In the researchers’ new system, VR users wear a cap studded with sensors. Those sensors record brain activity. The sensors can also pick up facial movements that signal certain expressions. Facial data can then be used to control the user’s movement through a virtual world.

Facial expressions usually signal emotions. So Dey’s team designed three virtual environments for users to explore. An environment called “happy” required participants to catch butterflies with a virtual net. “Neutral” had them picking up items in a workshop. And in the “scary” one, they had to shoot zombies. These environments allowed the researchers to see whether situations designed to provoke certain emotions affected someone’s ability to control VR through expressions.
Eighteen young adults tested out the technology. Half of them learned to use three facial expressions to move through the virtual worlds. A smile walked them forward. A frown brought them to a stop. And to perform a task, they clenched their teeth. In the happy world, that task was swooping a net. In the neutral environment, it was picking up an item. In the scary world, it was shooting a zombie.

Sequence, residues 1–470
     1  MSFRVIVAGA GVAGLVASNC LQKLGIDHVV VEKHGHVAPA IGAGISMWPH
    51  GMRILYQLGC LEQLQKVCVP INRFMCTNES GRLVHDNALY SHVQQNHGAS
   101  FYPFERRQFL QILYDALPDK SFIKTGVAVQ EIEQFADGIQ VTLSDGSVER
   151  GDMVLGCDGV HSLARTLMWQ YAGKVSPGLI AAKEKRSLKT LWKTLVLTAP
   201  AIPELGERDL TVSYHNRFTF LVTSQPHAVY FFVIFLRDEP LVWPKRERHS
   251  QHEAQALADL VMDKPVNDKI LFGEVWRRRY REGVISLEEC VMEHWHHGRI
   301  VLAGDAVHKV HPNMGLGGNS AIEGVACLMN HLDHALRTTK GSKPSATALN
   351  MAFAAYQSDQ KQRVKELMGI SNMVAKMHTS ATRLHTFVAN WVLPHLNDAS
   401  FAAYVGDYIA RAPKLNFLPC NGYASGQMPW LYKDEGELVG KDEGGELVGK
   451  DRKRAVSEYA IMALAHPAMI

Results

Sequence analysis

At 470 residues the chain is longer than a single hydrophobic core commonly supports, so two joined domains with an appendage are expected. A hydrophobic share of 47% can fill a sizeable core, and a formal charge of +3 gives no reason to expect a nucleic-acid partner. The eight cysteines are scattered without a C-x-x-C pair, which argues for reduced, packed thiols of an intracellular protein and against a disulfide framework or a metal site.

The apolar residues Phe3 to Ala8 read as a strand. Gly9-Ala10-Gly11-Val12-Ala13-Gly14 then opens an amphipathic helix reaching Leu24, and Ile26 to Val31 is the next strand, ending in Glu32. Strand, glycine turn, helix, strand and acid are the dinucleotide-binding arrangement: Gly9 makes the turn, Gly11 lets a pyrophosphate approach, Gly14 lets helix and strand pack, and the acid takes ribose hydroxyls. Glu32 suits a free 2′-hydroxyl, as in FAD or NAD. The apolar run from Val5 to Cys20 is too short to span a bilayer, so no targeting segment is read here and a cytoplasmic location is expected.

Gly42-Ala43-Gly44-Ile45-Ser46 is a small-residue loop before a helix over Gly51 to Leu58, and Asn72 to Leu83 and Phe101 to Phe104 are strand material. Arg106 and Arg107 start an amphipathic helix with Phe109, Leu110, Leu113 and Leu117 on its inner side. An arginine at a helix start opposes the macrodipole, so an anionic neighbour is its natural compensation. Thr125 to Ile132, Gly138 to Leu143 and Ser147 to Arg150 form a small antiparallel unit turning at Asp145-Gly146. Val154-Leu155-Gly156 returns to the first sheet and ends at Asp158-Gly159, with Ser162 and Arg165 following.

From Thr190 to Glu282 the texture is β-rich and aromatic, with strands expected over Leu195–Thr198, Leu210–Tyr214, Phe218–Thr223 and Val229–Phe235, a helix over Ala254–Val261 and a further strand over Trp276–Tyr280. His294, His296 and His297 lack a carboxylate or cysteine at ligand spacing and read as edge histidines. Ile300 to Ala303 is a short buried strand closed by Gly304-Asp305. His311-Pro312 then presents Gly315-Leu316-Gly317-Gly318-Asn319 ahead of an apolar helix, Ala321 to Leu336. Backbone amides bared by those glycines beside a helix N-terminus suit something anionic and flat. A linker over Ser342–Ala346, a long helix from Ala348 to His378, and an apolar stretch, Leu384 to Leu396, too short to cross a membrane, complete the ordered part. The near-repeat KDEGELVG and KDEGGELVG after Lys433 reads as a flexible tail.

The other half of participants interacted with the virtual worlds using hand controllers. This was the control group. It allowed the researchers to compare use of facial expressions with the more common form of VR interaction.
Using facial expressions made participants feel more present inside the virtual worlds. But expressions were more challenging to use than hand controllers. Recordings from the sensor-laden cap showed that the brains of people using facial expressions were working harder than those who used hand controllers. But that could just be because these people were learning a new way to interact in VR. Perhaps the facial expression method would get easier with time. Importantly, virtual settings meant to trigger different emotions did not affect someone’s ability to control their VR using facial expressions.

Thanks for sharing.

History / Christopher Columbus
« on: March 13, 2022, 12:25:30 AM »
Christopher Columbus, Italian Cristoforo Colombo, Spanish Cristóbal Colón, (born between August 26 and October 31, 1451, Genoa [Italy]—died May 20, 1506, Valladolid, Spain), master navigator and admiral whose four transatlantic voyages (1492–93, 1493–96, 1498–1500, and 1502–04) opened the way for European exploration, exploitation, and colonization of the Americans. He has long been called the “discoverer” of the New World, although Vikings such as Leif Eriksson had visited North America five centuries earlier. Columbus made his transatlantic voyages under the sponsorship of Ferdinand II and Isabella I, the Catholic Monarchs of Aragon, Castile, and Leon in Spain. He was at first full of hope and ambition, an ambition partly gratified by his title “Admiral of the Ocean Sea,” awarded to him in April 1492, and by the grants enrolled in the Book of Privileges (a record of his titles and claims). However, he died a disappointed man.

History / History of timekeeping devices
« on: March 13, 2022, 12:04:40 AM »